Hydraulic integrated circuits consist of a manifold and multiple cartridge and/or subplate mounted valves contained in a single assembly that can drastically reduce the number of fittings and lengths of hose and tubing otherwise required for circuits using line-mounted components.
Even people with virtually no knowledge of electronics realize what a tremendous impact integrated circuits have had on just about every product in consumer electronics — small size, light weight, fewer components, and lower cost. Although the effects of hydraulic integrated circuits (HICs) are not as dramatic as those in the world of electronics, they still can substantially reduce the size, complexity, and overall cost of hydraulic systems. Furthermore, HICs exhibit additional advantages that go beyond these benefits.
An HIC consists of a manifold containing multiple pressure-, directional-, and even proportional-control valves. In extreme cases, an HIC may even contain pumps, filters, actuators, or any combination of these to form a completely self-contained hydraulic system. Most HICs, however, consist of a manifold containing inlet and outlet ports, cartridge and subplate mounted valves (or both), and a network of internal passages that route hydraulic fluid through branch circuits of the hydraulic system.
Sizing up the benefits
Conventional hydraulic systems use hose and metal tubing to route hydraulic fluid from a hydraulic power unit (HPU) to a variety of valves and actuators, and back to the HPU. With an HIC, hose and tubing still routes fluid from the HPU to a variety of valves, but most of these valves may be contained within a single manifold tucked away in an available space on a machine.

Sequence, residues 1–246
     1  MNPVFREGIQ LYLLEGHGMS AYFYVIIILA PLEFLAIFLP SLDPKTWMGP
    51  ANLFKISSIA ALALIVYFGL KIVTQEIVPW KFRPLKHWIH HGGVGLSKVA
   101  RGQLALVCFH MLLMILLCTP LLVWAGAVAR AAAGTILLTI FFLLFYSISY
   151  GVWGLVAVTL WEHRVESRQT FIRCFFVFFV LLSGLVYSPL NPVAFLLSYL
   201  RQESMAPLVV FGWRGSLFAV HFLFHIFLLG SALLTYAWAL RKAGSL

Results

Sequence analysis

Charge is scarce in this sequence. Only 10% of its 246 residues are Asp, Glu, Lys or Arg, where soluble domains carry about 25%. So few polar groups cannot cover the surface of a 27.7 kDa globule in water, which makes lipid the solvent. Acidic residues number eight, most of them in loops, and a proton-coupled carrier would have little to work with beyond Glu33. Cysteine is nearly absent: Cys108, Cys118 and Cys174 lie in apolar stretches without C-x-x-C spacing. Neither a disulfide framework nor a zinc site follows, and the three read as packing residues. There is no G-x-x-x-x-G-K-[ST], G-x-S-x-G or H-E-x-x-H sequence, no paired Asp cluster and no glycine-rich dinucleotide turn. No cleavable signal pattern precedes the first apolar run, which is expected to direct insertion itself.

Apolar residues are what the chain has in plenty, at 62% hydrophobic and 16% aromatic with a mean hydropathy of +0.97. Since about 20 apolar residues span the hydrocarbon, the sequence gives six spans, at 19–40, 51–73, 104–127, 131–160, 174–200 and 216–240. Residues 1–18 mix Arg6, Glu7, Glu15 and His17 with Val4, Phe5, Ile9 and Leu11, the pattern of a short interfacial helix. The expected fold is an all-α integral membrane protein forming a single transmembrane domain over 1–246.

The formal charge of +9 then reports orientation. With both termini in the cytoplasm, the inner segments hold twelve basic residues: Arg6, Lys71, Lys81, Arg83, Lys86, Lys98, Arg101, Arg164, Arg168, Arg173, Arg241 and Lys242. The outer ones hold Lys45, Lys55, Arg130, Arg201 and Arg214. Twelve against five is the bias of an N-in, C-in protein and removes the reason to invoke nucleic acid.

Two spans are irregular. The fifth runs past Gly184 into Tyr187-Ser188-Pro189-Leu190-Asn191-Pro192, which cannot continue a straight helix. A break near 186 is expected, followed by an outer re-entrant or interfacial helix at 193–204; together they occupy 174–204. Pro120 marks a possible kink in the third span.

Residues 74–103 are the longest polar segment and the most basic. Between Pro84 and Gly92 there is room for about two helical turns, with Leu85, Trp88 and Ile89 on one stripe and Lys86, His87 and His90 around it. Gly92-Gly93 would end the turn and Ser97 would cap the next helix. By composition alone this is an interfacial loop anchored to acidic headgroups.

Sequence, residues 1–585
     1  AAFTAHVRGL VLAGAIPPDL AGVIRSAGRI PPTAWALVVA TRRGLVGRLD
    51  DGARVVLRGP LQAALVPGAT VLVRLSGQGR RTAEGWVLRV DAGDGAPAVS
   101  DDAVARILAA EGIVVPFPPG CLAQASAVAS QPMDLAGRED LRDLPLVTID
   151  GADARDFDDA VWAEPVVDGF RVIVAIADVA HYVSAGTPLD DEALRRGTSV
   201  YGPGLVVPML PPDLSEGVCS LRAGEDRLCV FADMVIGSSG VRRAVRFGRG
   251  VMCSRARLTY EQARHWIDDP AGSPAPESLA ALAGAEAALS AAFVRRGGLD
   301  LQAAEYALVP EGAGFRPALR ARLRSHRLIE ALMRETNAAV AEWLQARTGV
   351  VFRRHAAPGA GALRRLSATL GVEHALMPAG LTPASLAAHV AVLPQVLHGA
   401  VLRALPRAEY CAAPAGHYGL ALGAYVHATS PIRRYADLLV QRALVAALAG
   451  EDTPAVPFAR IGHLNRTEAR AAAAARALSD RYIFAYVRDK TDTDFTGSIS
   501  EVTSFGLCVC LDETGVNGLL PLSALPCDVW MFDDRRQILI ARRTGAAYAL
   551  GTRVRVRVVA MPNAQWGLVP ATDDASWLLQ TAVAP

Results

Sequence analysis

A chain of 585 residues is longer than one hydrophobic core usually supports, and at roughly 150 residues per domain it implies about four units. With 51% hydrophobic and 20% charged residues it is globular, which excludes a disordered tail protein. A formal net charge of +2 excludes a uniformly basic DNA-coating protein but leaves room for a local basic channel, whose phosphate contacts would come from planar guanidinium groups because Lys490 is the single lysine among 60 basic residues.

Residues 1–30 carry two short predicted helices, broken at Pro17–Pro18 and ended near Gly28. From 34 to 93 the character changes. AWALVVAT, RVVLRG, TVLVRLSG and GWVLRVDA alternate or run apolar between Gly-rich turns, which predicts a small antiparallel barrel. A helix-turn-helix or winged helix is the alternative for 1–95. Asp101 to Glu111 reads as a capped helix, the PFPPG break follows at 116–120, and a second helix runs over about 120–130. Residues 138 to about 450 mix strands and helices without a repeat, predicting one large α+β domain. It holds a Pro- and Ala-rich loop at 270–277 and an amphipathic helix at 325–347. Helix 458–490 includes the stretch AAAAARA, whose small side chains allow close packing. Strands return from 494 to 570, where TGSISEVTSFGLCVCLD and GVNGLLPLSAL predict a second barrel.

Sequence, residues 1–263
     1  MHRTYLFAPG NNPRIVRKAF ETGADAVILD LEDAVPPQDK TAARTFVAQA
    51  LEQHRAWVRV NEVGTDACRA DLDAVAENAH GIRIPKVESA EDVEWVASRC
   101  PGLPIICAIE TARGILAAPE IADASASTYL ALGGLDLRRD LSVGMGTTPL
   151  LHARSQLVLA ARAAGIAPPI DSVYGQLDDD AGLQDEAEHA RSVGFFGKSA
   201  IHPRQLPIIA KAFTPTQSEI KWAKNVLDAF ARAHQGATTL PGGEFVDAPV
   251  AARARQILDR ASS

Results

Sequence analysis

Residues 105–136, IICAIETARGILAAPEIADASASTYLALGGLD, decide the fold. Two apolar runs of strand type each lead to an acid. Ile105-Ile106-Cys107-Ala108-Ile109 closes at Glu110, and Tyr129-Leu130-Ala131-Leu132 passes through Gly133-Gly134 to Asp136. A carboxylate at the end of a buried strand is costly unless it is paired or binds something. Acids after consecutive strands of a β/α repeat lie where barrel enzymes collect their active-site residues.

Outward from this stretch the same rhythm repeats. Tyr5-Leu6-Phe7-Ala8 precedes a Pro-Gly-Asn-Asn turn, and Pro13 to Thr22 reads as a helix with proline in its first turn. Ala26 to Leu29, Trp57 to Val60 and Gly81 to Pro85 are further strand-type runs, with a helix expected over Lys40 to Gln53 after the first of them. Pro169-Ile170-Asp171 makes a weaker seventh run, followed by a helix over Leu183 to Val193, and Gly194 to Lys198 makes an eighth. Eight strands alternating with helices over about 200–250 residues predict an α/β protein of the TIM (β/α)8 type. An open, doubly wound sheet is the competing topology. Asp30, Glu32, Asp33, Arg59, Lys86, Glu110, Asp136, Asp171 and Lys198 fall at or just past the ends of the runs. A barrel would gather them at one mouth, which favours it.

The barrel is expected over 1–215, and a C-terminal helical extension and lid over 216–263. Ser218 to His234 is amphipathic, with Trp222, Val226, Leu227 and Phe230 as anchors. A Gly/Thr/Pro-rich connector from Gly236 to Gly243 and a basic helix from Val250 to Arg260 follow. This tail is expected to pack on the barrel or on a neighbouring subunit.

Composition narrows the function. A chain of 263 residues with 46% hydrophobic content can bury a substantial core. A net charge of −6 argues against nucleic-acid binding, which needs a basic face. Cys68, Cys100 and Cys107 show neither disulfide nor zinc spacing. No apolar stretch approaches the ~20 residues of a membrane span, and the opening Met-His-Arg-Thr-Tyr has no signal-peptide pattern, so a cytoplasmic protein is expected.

With a conventional system, the line-mounted valves take up more space than cartridge valves, so they may end up being installed at many different locations throughout a machine. This complicates troubleshooting and maintenance and can require installing hoses in locations where they could be struck by foreign objects or otherwise damaged by ambient conditions.
Although the time to design the HIC and machine the manifold are additional expenses for the initial system, Dick Simoni, vice president, R. L. Miller Inc., Pittsburgh, says this cost usually is more than offset by the lower cost of cartridge valves, reduction in the cost of required hose, tubing, and fittings, and the much lower cost of assembly and installation. This means benefits like a lighter, more compact system and easier maintenance come at no additional cost.
Simoni adds that troubleshooting can be easier with an HIC because multiple valves, switches, and test points may all be located within close proximity to each other, instead of being located throughout a machine. Furthermore, he says eliminating hose and tubing assemblies and fittings reduces the potential for leakage and component failure, so less maintenance is required and reliability is improved.
Beyond breaking even
However, Simoni explains that you shouldn't expect to integrate all in-line valves into HICs. "The break-even point must be considered when making a switch to integrated circuits. The financial advantage to using HICs depends on quantity — but not in the usual sense that unit cost decreases as the number of units increases.
"From the aspect of quantity," continues Simoni, "mine equipment, for example, would not seem to be a viable application because only a few units of a particular machine are manufactured annually. But HICs are effective here because one machine — such as a roof bolter — contains so many components that can be incorporated, integrated, or eliminated.